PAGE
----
5. In an ambiguous legal framework, psychologists and others who participate directly and indirectly in interrogations are in danger of damage to their careers if they refuse an order they find unethical or illegal, but in danger of future criminal prosecution if they carry out that order. Government officials are retroactively protected against war crimes prosecution under the 2006 Military Commissions bill, showing how seriously the threat of future criminal prosecution is being taken by those who have authorized interrogation techniques. APA, in my view, needs to take seriously the question of how to protect psychologists from such a no-win situation.
I understand that the absence of psychologists in detention centers would do nothing directly or immediately to improve the situation there, and could even lead to short-term deterioration in conditions if advocates for safe and effective interrogations were removed. On the other hand, in my view the problem is systemic, a lack of legal protection of basic human rights, not a few people who are poorly trained and as a result get carried away. APA, all of us as a group, can make a better contribution to changing this situation by publicly recognizing it as untenable for psychologists and for all those who live and work in the detention centers. We do not want to create any impression, unjustified though it may be, that we approve of the legal framework around the detention centers by virtue of our functioning within that framework.
Once again, Dr. Gelles, I have the highest respect for you and for what you have done. I appreciate and respect your concern.
Neil Altman, Ph.D.
Dear Members of Council,I therefore asked Steven Miles to comment on the Gelles letter. Here is his reply [Updated 3-23-2007 to fix minor errors.]:
At Council in February I provided an update on PENS-related activities. I discussed a moratorium resolution introduced by Neil Altman as part of APA’s ongoing work on this issue. As I mentioned during my presentation, Dr. Altman’s resolution and accompanying materials can be found on the ethics portion of APA’s website (www.apa.org/ethics).
Attached please find a letter from Dr. Mike Gelles offering a different perspective on the resolution. Dr. Gelles is an APA member whose actions at Guantanamo Bay, calling abuses to the attention of his superiors, resulted in what medical ethicist Steven Miles has called a “successful medical protest of prisoner abuse.” Dr. Gelles’ actions have been discussed in the press, including in the New Yorker Magazine.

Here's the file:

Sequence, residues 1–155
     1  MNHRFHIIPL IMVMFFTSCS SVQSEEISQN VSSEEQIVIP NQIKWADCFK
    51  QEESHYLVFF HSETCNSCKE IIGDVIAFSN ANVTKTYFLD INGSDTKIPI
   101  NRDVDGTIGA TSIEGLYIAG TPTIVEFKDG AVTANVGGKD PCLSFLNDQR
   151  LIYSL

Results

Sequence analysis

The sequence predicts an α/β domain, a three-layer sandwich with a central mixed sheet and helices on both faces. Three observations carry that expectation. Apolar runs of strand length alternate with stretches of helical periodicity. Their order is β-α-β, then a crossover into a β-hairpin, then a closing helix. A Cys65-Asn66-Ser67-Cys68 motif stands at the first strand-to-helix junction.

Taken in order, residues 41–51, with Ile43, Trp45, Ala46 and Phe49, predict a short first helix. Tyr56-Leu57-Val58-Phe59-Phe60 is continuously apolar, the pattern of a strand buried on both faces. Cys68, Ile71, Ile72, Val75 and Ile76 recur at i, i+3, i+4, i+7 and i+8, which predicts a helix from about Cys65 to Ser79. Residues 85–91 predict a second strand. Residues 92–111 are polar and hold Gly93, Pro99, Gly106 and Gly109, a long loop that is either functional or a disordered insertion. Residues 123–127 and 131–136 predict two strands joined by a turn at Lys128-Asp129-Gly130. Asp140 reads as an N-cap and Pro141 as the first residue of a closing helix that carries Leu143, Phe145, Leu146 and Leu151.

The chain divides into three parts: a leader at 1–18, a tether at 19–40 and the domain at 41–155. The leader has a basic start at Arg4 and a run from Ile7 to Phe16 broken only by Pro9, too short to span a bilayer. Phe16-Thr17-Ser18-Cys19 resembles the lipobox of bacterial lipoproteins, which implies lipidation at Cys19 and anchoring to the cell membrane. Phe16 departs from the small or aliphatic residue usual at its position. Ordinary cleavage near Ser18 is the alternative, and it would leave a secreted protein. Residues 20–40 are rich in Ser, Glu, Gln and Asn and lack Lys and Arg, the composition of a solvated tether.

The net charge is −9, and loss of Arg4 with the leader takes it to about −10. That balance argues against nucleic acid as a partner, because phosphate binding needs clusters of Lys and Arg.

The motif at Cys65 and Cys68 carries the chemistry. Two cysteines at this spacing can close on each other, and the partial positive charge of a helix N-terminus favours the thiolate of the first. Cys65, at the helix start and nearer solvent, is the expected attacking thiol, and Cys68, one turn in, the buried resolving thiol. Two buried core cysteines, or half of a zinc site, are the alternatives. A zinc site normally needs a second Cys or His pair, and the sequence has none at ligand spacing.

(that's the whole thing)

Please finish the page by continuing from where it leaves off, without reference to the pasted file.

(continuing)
Dr. Altman and Dr. Gelles will have further correspondences related to this issue, which will be available at the ethics website. I encourage you to visit the website to read their ongoing exchanges on this important issue. In addition, this Friday at Consolidated, there will be an open meeting at 5pm to discuss Dr. Altman’s resolution. Dr. Altman will be present for discussion and to answer questions.
March 23, 2007
Re: APA and Dr. Gelles letter to the Council.
Dear Members of APA and its Council,
I am a physician who has conducted extensive research on the role of clinicians and behavioral scientists in support of interrogation in military prisons in Iraq, Afghanistan, and at Guantanamo Bay. My book, Oath Betrayed: Torture, Medical Complicity, and the War on Terror, was cited by APA leadership in commending the letter of Dr. Michael Gelles in support of the APA position on interrogation to you.
I respect Dr. Gelles and entirely disagree with his letter. In no way, does my review of 40,000 pages of the declassified government files pertaining to these matters give me any confidence in the APA PENS position as amended at your meeting last summer.
The APA position is unique among clinical societies and it has been rejected by its community of sister societies. Dr. Gelles’s argument does not successfully allay those criticisms.
Dr. Gelles was a whistle blower for some of the most egregious abuses at Guantanamo. However, it is important to note that he played this role in his capacity as chief psychologist for the Navy Criminal Investigative Service and not as a frontline member of the Guantanamo Behavioral Science Consultation Teams (BSCT) which recommended interrogation plans. There is no evidence of protest of abusive interrogations from those frontline behavioral scientists or physicians. Furthermore Dr. Gelles’ critique was unwelcome and would have failed without the allied support of the FBI’s Behavioral Analysis Unit and the command and legal leadership of the Navy Criminal Investigative Service. Even then, the clinical staff at Guantanamo continued to assist abusive interrogations and failed to establish, or use, an abuse reporting system.
Dr. Gelles does not explain how well-trained psychologists and psychiatrists at Guantanamo Bay and in Iraq failed to exercise oversight over abusive interrogation or to institute structural reforms of those clearly dangerous environments. He asserts, without support, that these professionals were not properly trained or lacked adequate oversight. The Defense Department defends the very interrogation to which Dr. Gelles objected as conducted according to a “very detailed plan” by “trained professionals in a controlled environment, with active supervision and oversight.”[ http://bioethics.net/journal/j_articles.php?aid=1140] And yet, Dr. Gelles argues that psychologists should “remain engaged in interrogations.”